Essential restoration and renovation works are set to begin on the West Front of Lincoln Cathedral this week
A specially designed steel podium deck is being erected to create a workshop seven metres above the ground to enable conservators access to the stone and rare carvings that are being restored.
The cathedral will remain open as usual throughout the duration of the works.
The work is being undertaken as part of Lincoln Cathedral Connected, a heritage lottery-backed project to improve the Cathedral’s setting and visitor experience.
Anne Irving, programme manager of Lincoln Cathedral Connected, said: “We are really excited to see the significant work to the West Front commence, which is essential in allowing us to continue to protect the cathedral.”
The work involves the conservation of the 14th Century ‘Gallery of Kings’ - the carvings of eleven kings sitting above the largest door of the Cathedral, the conservation of the gable at the top of the West Front, and conservation works to the 12th Century Romanesque Frieze.
Ms Irving continued: “The Romanesque Frieze on the West Front has been covered for many, many years so this work to unveil the carving and stone work has been a long time coming and I can’t wait to see what we refer to as the ‘workshop in the sky’ in place.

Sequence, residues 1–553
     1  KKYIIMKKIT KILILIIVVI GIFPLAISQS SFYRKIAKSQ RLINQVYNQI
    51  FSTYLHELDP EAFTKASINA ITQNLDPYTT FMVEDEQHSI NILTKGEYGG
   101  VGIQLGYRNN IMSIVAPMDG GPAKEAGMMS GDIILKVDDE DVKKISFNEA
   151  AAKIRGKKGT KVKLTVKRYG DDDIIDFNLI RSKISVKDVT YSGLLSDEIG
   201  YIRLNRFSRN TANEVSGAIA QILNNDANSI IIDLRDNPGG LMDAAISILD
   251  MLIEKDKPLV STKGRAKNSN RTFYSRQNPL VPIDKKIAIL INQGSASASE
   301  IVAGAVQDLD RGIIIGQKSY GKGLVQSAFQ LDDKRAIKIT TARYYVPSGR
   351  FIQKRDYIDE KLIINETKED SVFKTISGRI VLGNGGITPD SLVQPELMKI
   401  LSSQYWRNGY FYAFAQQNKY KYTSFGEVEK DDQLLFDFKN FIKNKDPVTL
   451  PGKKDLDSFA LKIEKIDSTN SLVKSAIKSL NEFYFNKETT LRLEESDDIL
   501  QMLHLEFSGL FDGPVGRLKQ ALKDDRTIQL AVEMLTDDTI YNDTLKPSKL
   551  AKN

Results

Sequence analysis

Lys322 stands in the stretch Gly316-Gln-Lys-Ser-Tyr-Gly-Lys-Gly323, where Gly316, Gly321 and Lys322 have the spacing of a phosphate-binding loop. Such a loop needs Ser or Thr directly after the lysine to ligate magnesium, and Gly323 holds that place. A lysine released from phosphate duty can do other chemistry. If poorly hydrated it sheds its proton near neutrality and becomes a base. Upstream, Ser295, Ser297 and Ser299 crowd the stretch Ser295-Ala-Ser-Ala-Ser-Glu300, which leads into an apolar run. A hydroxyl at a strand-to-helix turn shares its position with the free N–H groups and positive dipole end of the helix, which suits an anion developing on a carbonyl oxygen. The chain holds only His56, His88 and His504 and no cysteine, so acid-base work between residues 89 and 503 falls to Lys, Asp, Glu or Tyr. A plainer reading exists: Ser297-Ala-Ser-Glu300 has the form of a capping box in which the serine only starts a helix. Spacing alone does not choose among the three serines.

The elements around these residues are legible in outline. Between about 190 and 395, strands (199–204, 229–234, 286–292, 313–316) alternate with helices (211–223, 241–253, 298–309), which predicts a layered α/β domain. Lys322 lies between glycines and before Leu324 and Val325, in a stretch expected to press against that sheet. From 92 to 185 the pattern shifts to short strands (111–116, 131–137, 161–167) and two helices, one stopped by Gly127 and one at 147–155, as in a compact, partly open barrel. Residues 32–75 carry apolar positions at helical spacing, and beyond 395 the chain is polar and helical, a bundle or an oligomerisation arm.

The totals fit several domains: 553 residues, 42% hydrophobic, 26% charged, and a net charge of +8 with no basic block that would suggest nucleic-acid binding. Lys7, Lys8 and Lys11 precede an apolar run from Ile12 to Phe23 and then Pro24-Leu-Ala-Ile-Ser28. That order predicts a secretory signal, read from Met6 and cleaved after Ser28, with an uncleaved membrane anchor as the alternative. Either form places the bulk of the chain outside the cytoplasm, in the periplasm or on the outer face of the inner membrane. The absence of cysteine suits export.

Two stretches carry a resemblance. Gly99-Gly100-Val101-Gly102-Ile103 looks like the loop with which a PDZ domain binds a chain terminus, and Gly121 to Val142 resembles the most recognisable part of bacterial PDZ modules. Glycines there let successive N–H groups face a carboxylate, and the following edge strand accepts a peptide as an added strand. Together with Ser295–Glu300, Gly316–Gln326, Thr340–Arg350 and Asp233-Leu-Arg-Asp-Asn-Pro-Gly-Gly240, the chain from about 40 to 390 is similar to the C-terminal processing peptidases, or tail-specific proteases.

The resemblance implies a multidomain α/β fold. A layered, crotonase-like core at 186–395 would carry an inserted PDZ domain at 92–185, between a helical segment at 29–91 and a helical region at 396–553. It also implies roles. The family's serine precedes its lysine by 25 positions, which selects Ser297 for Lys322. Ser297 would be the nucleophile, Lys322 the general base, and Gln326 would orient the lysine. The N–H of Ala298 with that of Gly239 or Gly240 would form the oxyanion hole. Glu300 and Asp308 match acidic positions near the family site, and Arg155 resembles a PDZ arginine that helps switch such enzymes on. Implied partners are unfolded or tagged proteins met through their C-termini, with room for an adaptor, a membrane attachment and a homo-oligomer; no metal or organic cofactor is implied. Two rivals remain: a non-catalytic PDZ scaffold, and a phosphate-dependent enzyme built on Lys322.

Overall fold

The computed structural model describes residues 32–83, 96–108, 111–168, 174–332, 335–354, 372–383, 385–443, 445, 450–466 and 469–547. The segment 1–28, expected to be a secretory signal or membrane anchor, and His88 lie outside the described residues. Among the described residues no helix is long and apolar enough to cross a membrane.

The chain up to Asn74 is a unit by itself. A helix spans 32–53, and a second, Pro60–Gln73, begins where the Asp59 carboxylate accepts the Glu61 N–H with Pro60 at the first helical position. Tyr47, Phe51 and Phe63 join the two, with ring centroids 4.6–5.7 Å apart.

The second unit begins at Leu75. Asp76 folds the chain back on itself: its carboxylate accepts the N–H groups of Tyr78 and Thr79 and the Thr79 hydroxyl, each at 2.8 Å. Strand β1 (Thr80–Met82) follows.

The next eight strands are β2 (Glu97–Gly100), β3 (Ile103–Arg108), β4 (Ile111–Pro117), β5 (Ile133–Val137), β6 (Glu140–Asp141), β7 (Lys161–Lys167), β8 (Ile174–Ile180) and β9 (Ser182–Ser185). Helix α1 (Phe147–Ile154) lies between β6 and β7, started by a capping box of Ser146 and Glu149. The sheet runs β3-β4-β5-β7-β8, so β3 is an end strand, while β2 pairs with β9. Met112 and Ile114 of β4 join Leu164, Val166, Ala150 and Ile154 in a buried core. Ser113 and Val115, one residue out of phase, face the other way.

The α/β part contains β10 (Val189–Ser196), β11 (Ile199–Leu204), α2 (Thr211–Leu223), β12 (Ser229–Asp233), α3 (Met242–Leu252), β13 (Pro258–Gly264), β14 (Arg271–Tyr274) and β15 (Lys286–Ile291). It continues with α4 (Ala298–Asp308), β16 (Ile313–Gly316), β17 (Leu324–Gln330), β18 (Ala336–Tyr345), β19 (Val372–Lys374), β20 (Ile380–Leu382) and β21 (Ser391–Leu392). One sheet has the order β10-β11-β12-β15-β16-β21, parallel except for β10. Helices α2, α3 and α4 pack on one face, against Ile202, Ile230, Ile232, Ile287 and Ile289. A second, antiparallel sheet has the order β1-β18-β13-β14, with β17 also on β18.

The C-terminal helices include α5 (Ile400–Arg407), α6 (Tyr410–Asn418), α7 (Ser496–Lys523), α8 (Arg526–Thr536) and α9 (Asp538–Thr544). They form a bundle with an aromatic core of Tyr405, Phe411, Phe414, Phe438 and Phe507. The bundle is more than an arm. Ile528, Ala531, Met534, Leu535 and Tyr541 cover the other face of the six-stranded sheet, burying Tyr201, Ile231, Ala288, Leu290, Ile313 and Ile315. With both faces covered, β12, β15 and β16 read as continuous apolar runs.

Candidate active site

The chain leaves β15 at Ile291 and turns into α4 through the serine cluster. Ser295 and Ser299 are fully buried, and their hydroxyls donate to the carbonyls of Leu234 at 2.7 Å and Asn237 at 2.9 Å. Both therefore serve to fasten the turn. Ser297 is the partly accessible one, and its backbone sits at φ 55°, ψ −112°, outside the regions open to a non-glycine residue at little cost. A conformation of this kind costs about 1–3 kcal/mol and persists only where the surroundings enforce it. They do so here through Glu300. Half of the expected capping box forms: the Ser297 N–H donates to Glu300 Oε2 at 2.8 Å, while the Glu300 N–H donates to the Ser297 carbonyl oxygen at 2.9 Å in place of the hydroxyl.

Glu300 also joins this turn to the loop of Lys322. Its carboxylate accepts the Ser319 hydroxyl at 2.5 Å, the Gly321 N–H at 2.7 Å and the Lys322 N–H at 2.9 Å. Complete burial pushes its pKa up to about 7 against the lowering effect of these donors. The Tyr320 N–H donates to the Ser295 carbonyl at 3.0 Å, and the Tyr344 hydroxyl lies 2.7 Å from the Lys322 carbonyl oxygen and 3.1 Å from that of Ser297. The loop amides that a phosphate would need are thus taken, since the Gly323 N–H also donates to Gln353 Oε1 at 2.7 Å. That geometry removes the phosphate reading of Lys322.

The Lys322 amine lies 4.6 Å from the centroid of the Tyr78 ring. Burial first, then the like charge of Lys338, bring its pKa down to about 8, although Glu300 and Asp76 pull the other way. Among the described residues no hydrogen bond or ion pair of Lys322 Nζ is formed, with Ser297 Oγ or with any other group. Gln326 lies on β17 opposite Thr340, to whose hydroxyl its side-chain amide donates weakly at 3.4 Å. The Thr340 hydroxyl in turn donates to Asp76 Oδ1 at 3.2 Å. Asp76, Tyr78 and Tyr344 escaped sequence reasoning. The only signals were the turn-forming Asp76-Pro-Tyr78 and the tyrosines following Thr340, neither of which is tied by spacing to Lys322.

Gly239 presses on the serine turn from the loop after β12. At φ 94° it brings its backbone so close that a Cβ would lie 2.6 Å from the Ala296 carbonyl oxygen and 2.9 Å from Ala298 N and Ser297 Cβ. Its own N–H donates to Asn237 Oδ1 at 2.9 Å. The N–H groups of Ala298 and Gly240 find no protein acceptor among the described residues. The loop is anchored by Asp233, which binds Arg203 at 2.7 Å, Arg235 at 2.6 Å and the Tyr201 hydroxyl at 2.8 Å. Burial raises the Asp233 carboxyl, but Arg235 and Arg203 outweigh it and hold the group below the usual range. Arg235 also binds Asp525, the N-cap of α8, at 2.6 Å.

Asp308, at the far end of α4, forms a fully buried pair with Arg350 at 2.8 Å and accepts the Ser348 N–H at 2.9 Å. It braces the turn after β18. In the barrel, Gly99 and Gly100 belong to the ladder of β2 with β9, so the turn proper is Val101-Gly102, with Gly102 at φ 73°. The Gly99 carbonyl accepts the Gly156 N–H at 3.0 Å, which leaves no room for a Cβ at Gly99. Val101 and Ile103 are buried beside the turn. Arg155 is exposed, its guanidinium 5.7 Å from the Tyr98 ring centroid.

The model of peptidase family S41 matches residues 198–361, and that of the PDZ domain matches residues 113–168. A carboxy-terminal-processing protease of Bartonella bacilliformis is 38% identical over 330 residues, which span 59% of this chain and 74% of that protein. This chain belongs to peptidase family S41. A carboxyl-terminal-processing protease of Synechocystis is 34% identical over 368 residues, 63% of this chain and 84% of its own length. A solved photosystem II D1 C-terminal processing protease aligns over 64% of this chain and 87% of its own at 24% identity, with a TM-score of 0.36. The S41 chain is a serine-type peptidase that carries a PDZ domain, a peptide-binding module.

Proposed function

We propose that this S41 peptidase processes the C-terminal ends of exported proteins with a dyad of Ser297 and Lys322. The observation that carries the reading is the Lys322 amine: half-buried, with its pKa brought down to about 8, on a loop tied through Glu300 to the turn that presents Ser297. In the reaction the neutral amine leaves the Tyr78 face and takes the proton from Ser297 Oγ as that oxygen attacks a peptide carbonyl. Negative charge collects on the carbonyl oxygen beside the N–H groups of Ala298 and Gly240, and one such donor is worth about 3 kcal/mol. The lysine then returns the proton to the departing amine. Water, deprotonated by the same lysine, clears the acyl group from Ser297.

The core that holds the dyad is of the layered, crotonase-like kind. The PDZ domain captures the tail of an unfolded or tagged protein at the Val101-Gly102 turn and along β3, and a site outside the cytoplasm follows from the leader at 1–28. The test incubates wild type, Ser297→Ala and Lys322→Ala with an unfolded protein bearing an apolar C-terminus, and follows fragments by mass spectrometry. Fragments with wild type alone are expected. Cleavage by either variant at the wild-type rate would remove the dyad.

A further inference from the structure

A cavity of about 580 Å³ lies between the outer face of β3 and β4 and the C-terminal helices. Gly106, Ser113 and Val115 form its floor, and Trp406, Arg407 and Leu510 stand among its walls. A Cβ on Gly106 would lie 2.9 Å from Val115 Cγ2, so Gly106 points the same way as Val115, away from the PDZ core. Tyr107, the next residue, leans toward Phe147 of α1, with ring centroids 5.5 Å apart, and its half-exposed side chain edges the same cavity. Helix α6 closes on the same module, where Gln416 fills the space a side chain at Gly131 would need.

“It’s an exciting time for the cathedral and it is fantastic that we have the funds available to do these necessary and important works.”
Some initial conservation work began to the West Front back in 1983, which left the southern run of the Romanesque Frieze covered to protect the Romanesque sculptures, which date back to 1123-1148.
The platform will allow the Cathedral’s Works Department to access and remove the covering boxes and to unveil part of the Romanesque Frieze for the first time in nearly 35 years.
The West Front conservation and repair work is expected to reach completion in 2023.
Other upcoming works as part of the Connected project involve the landscaping of Dean’s Green to create a public space; the new visitor centre, to include a larger café and shop; new toilets and an interpretation centre to display some of the cathedral’s treasures.